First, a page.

His daddy died in March. Spring in Eastern Colorado isn’t the dainty season featured on picture postcards. It is a season of wet snow and mud that threatens to suck the overshoes off of tired feet and the tires off trucks. The water and wind suck the life out of calves and it becomes obvious to folks why there are abandoned homesteads out here.
I heard the truck in front of the house and saw the awkward silhouette of a round bale perched on the flat bed. I was still in my clothes from the funeral, barefoot on the kitchen floor. I walked to the window again and still he was parked. He looked at me and motioned for me to come to him.
The insides of my coveys were cold on my bare legs, but I jerked the straps over my shoulders, shoved my bare feet into boots and walked to the truck.
Neither of us said anything and the heater in the truck burned my eyes. He put the truck in gear, and we rolled out toward the winter pastures above Bijou Creek. We drove to where the heavies lay in wait of their calves and where a few pairs were hunkered down against the wind.
I opened gates and he drove. He parked the truck on a gulch overlooking the home place and the engine purred and the wind rocked the cab.
“I never thought he would get old,” he said finally.
“I know,” I murmured. “I’m sorry.”
We sat in silence watching the snow and mud-caked fields dotted with black cattle and water tanks. He sighed and put the truck in gear again and we rolled back toward the house and took up life where we had left off.
Grady MacNamara had been taking care of business long before I met him. He has carried feed sacks, hay bales, his mother during his father’s decline and my sleeping son at one time or another. He carried me out of my pit to a place of mutual protection. In a country where the wind blows with nothing to stop it, he shelters me from the wind so I don’t blow away.
In the years before Grady loved me, I had, as my grandmother who was steeped in the sweet Louisiana traditions would have said, dropped my basket and nearly let the voodoo queens take me away.
A teacher new to a small town school cannot glide into town unnoticed, especially with license plates from two states away. I sat on the bleachers that first winter watching good, solid, down home men coach my son on the finer points of defensive stance, dribbling, rebounding and being a man. My son was enamored, I was thankful and sinking into feeling comfortable even on ancient, creaking bleachers.
Mothers made conversation with me and told me about their children. They asked enough questions to satisfy their curiosity regarding whether or not I was married. When they were satisfied that I am indeed unmarried, they would nonchalantly ask, “So, have you met Coach Robinson?” or say, “So you would have been in 4-H with Grady MacLennan, right? He bought a place in Agate…he’s not married either you know.”
When the basketball court cleared and the sounds of kids and the round ball died down, I sat, alone, in the bleachers for a few minutes.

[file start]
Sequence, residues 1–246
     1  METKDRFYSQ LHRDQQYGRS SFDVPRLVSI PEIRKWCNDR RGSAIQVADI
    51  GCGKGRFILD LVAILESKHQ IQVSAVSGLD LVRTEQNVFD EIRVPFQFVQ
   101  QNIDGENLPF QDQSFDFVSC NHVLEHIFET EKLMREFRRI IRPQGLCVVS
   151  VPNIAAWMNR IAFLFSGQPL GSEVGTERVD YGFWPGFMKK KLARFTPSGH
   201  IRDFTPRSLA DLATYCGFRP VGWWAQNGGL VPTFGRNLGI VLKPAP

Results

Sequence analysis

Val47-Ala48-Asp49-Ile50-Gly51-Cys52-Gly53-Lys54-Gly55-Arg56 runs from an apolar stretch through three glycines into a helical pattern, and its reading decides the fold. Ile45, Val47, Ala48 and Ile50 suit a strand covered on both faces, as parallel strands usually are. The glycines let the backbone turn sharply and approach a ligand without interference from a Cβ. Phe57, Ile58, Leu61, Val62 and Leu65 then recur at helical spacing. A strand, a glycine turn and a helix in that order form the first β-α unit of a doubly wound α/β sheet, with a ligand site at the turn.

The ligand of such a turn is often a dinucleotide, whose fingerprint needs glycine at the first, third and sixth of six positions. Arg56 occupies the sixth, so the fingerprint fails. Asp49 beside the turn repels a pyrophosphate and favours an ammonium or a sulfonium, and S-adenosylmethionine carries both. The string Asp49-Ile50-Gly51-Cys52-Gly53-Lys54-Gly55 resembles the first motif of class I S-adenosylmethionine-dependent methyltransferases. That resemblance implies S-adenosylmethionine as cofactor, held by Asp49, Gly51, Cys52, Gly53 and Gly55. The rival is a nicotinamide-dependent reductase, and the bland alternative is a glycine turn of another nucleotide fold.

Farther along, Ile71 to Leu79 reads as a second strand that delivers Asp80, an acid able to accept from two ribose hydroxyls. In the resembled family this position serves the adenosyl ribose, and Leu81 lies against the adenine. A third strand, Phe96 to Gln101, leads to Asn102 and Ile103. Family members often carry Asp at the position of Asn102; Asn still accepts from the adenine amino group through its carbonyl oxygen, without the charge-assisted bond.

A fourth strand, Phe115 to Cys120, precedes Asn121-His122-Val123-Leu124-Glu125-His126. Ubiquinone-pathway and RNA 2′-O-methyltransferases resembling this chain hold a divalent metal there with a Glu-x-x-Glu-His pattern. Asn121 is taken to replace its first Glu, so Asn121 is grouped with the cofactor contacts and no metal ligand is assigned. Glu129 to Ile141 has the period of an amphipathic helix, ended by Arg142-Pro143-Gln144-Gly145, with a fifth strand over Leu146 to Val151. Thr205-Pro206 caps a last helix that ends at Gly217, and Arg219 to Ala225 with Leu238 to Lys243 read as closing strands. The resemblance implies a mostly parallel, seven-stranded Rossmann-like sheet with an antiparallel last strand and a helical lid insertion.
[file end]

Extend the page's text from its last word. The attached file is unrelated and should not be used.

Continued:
This is not what my life was supposed to look like at 30. I’m supposed to be on solid ground not scrambling to gain ground while facing down giants.
For months after I finally found the strength to leave my husband, I would hear the growl of a diesel engine, and my heart would plummet, thinking it was him and he was here to strip our child away from me.
I thought the hard part would be the actual leaving, the rubber hitting the road. But it wasn’t. Hard was sitting on my porch waiting to see his headlights bringing my son home and the light never coming. He’s left the state and he has a six hour head start. I’ll never see my son again, I would think. That was hard.
Hard was getting a glimpse of my new life in the same zip code as my parents. It was feeling safe and hopeful and a part of a community. It was getting my hopes up and then hearing the Sheriff pound on my door to serve me with papers. Seeing first hand that a father who fails to meet his obligations can still file objections and other scary court documents to try to dash my plans. That was hard.
Being the mom of the only boy on the football field who doesn’t have his dad there, rubbing shoulders with the other dads and dreaming big gridiron dreams; watching my son look out at the bleachers, at all the moms and him knowing full well that I was on the fifty yard line with snacks at the ready, trying my hardest to be both mom and dad and not getting it done; playing catch with my son and knowing he’s embarrassed that his dad isn’t around to teach him to throw a spiral. That was hard.
Wearing heels and trying to teach my son how to be a man, that was hard. Sitting by myself and feeling so tired and so used up that no man would ever want me again is hard. Feeling that there is no possible way that I have one more ounce of strength left before I curl up and refuse to face my hand is hard.
So, no, walking out the door was easy and I’ve not regretted that decision for even a moment, but life afterwards isn’t what I thought.
I went home to lay low, to be in the same time zone as my family and at almost 31, it might have been just what I needed. I was out here trying to fix my dreams. The dreams I had at 22 had blown away somewhere along the trip. I saw it coming but I couldn’t get out of the way.